3. Tycho Brahe - Brahe created and built tiny robots (in the 16th century) to convince locals that he had magical powers. This wasnt just a deception however, Brahe believed he was a sorcerer, and publically lectured against anyone who believed that Astrology was fake. Brahe became so synonymous with magick that an entire calendar of magickal days was made in his honour.

4. Carl Linnaeus - Linnaeus devoted a whole section of his zoological tome Systema Naturae to magickal animals. This section included the Hydra, Satyrus, and the Phoenix. Although he later debunked the hydra, and considered pelicans to be mythical creatures, he claimed to have seen a troglodyte, unicorns, and believed strongly in mermaids.

5. Paracelsus - Paracelsus believed that it was possible to transmute metals using magick. He also used magick in conjunction with medicine, and believed that magick was just another science that people didn't understand.

You could argue that each case is simply someone believing in the scientific ignorance of their time, but you have to remember that science is constantly evolving, and the things that people consider magick one day are becoming trusted and accepted science the next. But, to get back to the question, my own studies are more continuing on from the work of Chaos Magician and quantum physicist Peter Carroll. I have linked his site below.

http://www.specularium.org/

I personally am using 10D space to show that magick has to exist in quantum theory in order to ensure completeness in the theory as a whole. As 10D space includes all possible different sets of physics, it must also include magick as a system of laws - not doing so makes 10D space incomplete, and therefore fallible. As this is a Trad Craft site, and not a experimental physics forum, I wont bore you by going into quatum theory in depth. It is definitely something you may wish to explore though, if such things interest you.

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#13 Mountain Witch

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Posted 20 February 2015 - 01:40 AM

Can a man be a witch? It's a matter of semantics. Man. Witch. Woman. Sorcerer.

Personally, I believe anyone can be anything they want. They shouldn't limit themselves to the poor extent of language.

For purposes of action nothing is more useful than narrowness of thought combined with energy of will.
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#14 Solanaceae

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Posted 20 February 2015 - 02:24 AM

I'm not the first person to prove the existence of magick using cutting edge science - there have been plenty of brilliant scientists who also believed strongly in the existence of magick and used science and magick side by side. For example, did you know...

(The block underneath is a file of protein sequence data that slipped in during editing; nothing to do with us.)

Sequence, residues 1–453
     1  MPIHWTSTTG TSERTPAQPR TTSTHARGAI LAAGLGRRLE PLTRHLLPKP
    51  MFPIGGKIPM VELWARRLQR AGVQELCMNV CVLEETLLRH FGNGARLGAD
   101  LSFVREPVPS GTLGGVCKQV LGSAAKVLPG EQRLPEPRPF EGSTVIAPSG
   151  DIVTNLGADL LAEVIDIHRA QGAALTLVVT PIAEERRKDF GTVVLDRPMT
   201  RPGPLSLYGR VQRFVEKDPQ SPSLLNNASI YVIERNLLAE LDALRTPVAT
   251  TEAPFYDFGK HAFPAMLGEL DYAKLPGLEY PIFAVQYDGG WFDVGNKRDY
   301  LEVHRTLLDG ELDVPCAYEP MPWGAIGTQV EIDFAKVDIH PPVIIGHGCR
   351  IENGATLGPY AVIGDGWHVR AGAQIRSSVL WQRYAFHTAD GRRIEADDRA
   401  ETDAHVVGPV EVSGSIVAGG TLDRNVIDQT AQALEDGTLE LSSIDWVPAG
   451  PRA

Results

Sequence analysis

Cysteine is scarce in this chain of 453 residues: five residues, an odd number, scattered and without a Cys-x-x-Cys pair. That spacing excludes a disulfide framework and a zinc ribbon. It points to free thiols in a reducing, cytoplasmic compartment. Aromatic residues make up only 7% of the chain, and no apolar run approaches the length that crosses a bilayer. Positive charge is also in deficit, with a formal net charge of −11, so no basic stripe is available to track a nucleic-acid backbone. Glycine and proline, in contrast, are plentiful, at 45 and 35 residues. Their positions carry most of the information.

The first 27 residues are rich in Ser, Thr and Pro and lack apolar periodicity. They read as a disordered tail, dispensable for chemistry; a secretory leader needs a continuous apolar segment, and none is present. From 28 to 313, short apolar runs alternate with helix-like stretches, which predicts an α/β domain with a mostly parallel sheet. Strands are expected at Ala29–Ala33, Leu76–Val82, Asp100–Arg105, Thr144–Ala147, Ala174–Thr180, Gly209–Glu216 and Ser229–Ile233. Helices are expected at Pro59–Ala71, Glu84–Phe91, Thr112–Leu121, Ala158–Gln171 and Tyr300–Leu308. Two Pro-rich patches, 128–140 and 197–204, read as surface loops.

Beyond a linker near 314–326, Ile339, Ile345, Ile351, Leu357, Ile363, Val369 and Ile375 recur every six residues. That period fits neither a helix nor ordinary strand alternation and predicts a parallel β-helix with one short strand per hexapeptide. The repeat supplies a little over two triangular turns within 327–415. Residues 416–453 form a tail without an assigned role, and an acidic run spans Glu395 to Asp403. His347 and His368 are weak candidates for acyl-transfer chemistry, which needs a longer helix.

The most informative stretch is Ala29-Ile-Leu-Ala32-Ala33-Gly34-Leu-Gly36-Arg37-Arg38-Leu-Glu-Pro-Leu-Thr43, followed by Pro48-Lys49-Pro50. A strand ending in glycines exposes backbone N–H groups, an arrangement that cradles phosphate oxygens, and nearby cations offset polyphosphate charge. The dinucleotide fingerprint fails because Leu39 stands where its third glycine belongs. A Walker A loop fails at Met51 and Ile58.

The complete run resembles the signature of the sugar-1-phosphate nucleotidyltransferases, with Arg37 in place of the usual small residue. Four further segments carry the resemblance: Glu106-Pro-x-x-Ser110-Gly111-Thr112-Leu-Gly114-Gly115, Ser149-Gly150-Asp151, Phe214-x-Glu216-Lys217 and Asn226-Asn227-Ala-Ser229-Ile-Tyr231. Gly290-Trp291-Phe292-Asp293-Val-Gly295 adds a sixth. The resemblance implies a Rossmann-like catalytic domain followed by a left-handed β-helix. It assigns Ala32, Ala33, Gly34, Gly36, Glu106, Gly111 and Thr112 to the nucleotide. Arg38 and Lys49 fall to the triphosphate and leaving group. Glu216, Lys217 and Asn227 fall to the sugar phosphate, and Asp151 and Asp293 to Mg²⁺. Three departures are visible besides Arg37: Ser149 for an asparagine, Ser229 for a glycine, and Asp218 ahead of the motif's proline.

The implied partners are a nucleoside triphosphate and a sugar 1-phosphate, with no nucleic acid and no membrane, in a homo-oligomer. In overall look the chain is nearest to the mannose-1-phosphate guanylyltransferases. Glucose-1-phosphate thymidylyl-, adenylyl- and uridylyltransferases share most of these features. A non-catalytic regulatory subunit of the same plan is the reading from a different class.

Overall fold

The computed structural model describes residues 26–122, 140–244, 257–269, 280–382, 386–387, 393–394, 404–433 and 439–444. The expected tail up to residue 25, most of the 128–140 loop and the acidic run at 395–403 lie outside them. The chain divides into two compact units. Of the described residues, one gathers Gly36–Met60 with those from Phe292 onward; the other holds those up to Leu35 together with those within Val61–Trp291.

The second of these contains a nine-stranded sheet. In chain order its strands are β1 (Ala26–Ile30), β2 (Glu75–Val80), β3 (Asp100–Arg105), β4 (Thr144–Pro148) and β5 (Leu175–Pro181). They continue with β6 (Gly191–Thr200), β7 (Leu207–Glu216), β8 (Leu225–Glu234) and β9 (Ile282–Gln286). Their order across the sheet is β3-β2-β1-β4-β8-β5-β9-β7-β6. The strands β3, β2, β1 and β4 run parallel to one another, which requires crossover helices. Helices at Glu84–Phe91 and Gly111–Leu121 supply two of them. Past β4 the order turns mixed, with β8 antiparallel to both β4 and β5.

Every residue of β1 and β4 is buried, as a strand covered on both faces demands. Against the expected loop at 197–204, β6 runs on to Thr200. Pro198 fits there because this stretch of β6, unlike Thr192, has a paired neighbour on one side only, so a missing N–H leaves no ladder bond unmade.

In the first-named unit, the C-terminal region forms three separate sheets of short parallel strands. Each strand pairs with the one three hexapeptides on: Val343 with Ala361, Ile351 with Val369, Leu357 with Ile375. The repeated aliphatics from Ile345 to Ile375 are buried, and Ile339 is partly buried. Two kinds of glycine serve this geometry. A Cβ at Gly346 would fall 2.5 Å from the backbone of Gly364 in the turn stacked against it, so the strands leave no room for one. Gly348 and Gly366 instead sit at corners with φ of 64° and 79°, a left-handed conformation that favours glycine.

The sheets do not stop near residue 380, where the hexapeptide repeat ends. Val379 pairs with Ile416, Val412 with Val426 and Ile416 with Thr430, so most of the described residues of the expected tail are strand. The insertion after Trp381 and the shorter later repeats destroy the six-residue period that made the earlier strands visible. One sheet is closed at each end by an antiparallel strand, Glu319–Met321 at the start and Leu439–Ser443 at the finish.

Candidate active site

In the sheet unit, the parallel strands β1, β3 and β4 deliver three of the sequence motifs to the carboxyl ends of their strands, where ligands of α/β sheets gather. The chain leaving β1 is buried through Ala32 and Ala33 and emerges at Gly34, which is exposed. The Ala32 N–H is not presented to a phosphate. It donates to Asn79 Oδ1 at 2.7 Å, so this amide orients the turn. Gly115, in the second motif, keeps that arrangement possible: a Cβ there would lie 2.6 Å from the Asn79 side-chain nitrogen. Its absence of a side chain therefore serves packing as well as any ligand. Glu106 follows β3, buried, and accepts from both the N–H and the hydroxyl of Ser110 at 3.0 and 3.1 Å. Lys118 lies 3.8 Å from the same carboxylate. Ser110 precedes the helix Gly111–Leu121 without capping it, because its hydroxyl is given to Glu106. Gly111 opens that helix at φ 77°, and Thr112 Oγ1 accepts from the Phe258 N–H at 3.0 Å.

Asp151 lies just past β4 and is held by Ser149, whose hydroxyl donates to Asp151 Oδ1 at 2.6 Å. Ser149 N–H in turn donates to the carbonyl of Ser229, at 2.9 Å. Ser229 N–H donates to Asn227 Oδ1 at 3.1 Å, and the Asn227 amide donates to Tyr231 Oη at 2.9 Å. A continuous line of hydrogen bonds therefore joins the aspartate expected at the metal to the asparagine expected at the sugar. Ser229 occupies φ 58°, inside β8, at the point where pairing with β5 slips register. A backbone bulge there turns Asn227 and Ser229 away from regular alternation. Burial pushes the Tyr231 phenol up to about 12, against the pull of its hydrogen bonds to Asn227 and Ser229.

Five scientific geniuses who also believed in magick:

1. Galilaeo - Galilaeo practiced Astrology, and taught it to medical school students at the University of Padua.

2. Isaac Newton - Newton spent half his life obsessed with Alchemy. He actually became Warden of the Mint in 1700 - the Royal Mint being responsible for the manufacture of all coins used by the United Kingdom.

3. Tycho Brahe - Brahe created and built tiny robots (in the 16th century) to convince locals that he had magical powers. This wasnt just a deception however, Brahe believed he was a sorcerer, and publically lectured against anyone who believed that Astrology was fake. Brahe became so synonymous with magick that an entire calendar of magickal days was made in his honour.

4. Carl Linnaeus - Linnaeus devoted a whole section of his zoological tome Systema Naturae to magickal animals. This section included the Hydra, Satyrus, and the Phoenix. Although he later debunked the hydra, and considered pelicans to be mythical creatures, he claimed to have seen a troglodyte, unicorns, and believed strongly in mermaids.

5. Paracelsus - Paracelsus believed that it was possible to transmute metals using magick. He also used magick in conjunction with medicine, and believed that magick was just another science that people didn't understand.

You could argue that each case is simply someone believing in the scientific ignorance of their time, but you have to remember that science is constantly evolving, and the things that people consider magick one day are becoming trusted and accepted science the next. But, to get back to the question, my own studies are more continuing on from the work of Chaos Magician and quantum physicist Peter Carroll. I have linked his site below.

http://www.specularium.org/